Shabbat shalom, y'all! It's almost sunset in Los Angeles, at which point it will be time for me to say Havdalah and get back to work. It's the time in the term when papers come due, and there is no shortage of things to do.
I've managed to keep Shabbat a "homework free zone" for the past two years, with only two exceptions. I used to think that real Shabbat observance was a very nice idea, but not practical in "real life" -- now it is a part of my real life that I would be loathe to give up. No, I'm not traditionally shomer Shabbat [observant] but I strive to make it a day different from other days: I don't do homework, I let go of worry, I don't nag myself or anyone else, I try to spend more of the day being than doing. On the positive side, it's a day to touch base with friends and family (I talk by phone to the boys, write to friends, connect with people here), and a day to enjoy things I don't often have time for during the week. I go to services, I eat with friends, and some weeks I stay in and sleep.
Now, my weekends at my pulpit obviously are not like that, nor will Shabbat be able to be like that when I am (God willing) a working rabbi. At the moment, though, it is an important part of the week, and makes it possible to work like crazy the rest of the week.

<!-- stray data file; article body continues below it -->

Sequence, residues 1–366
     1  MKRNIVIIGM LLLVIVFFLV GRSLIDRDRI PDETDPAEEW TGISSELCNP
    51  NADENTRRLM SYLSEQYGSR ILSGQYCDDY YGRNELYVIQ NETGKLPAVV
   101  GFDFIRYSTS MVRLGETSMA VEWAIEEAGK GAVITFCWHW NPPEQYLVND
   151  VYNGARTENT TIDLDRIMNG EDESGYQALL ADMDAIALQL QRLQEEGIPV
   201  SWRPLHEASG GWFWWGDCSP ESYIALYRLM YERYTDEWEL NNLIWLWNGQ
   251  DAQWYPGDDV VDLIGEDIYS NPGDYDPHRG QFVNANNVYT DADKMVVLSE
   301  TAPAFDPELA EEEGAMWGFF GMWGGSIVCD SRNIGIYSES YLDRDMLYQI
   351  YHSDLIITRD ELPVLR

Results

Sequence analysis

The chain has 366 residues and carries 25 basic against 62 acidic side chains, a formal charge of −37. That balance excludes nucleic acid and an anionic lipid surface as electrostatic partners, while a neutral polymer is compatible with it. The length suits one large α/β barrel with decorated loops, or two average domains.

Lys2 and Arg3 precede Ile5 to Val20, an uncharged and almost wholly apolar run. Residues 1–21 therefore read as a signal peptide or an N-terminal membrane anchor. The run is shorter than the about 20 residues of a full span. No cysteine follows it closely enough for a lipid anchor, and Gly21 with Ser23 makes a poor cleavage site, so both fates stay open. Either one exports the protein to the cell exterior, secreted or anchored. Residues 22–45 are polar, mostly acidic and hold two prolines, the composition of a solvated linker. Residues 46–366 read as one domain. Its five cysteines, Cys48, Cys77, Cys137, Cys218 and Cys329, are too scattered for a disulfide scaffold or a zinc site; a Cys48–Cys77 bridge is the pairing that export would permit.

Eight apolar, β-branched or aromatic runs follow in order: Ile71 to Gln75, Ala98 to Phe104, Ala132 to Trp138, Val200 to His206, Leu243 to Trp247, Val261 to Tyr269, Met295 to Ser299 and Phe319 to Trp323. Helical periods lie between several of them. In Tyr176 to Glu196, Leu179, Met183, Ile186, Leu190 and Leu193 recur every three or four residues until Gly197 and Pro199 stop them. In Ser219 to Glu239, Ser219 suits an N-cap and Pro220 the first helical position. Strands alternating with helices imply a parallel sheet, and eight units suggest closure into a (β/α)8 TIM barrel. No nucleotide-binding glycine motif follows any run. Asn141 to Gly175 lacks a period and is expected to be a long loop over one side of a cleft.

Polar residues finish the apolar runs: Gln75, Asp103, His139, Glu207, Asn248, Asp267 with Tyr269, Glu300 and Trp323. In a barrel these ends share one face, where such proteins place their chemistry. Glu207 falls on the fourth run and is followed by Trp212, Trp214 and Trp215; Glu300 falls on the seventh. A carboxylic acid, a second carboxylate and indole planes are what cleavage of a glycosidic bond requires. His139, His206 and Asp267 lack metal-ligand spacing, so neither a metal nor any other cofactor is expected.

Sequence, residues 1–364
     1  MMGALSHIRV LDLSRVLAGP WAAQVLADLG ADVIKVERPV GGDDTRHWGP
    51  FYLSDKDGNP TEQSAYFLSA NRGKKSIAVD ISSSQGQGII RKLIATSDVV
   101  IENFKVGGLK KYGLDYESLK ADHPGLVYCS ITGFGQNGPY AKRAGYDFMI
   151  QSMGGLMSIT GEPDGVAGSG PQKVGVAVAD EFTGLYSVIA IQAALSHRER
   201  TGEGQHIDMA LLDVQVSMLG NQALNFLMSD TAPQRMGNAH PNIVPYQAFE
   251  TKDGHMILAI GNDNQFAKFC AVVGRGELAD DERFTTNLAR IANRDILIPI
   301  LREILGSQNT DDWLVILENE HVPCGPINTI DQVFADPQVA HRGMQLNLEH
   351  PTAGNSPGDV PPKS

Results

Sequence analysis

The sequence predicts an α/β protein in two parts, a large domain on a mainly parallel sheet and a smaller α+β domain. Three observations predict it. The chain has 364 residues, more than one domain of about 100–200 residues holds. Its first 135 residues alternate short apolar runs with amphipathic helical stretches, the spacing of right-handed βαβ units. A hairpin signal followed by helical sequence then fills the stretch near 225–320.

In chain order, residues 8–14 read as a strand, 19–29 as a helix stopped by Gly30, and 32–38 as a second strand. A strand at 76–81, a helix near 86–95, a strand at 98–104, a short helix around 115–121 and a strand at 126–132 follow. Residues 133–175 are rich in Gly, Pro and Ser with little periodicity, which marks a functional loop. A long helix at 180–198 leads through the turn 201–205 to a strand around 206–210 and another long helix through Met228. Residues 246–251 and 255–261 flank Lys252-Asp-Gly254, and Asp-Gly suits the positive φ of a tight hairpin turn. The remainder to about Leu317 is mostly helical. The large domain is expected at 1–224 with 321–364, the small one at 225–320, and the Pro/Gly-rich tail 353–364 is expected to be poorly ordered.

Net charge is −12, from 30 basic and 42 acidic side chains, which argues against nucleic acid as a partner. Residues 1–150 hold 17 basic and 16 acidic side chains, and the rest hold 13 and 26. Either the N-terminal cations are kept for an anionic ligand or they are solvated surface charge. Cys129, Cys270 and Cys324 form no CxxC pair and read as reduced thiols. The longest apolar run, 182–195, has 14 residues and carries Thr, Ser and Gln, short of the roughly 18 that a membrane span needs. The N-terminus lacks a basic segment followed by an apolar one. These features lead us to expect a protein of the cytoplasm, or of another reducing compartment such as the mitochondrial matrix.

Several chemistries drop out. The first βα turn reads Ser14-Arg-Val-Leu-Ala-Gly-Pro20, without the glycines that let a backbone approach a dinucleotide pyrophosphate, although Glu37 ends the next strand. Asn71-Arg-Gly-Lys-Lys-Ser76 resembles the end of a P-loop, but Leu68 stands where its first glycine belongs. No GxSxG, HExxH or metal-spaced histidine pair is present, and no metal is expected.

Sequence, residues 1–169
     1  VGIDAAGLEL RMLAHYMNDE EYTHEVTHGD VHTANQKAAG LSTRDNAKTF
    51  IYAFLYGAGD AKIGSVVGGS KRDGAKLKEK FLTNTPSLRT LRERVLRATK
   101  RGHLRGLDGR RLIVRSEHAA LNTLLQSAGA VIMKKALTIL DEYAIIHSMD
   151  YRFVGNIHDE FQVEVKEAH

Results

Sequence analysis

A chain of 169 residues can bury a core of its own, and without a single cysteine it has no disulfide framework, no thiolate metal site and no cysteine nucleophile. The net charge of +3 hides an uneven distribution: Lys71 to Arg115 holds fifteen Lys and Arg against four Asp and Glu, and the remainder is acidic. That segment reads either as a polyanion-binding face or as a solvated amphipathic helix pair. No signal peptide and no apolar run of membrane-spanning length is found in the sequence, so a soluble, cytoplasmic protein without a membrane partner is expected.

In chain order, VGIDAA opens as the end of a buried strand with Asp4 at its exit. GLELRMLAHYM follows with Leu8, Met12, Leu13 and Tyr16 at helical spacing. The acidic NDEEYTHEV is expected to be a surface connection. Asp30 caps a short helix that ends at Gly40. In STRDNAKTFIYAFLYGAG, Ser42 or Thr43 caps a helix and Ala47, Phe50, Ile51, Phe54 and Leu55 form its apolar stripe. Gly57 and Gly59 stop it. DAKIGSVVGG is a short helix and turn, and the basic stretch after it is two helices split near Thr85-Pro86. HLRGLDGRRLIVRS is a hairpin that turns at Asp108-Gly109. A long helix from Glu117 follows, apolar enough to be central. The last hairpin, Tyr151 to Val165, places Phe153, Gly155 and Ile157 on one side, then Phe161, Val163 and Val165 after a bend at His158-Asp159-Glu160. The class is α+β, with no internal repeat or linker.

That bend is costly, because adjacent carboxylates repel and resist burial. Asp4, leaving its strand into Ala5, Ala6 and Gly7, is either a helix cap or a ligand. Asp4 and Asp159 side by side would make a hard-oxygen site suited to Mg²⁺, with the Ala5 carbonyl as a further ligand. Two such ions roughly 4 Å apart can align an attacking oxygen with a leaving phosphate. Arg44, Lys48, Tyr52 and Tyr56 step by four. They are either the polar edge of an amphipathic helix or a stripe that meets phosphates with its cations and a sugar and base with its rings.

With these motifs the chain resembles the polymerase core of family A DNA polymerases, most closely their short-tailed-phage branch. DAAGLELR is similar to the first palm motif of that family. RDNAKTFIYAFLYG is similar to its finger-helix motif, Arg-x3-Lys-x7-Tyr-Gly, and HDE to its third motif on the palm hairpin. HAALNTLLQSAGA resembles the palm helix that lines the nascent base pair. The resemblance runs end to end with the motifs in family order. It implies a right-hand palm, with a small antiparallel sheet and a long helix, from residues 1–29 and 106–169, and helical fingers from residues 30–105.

I made a discovery lately about which I am very excited. The Arthritis Foundation offers a variety of support and assistance for people like myself! I had assumed that it was just a fundraising outfit, raising money for arthritis research. But when I contacted them at my doctor's urging I found out that they could help me find exercise programs, support groups, and information about living with arthritis. Like it or not, this disease is beginning to shape my life, and I want to have as much to say about the details of that as I can. So far, I have found it to be both a great nuisance and a great teacher. I think it is up to me to choose which face of it I attend to the most closely.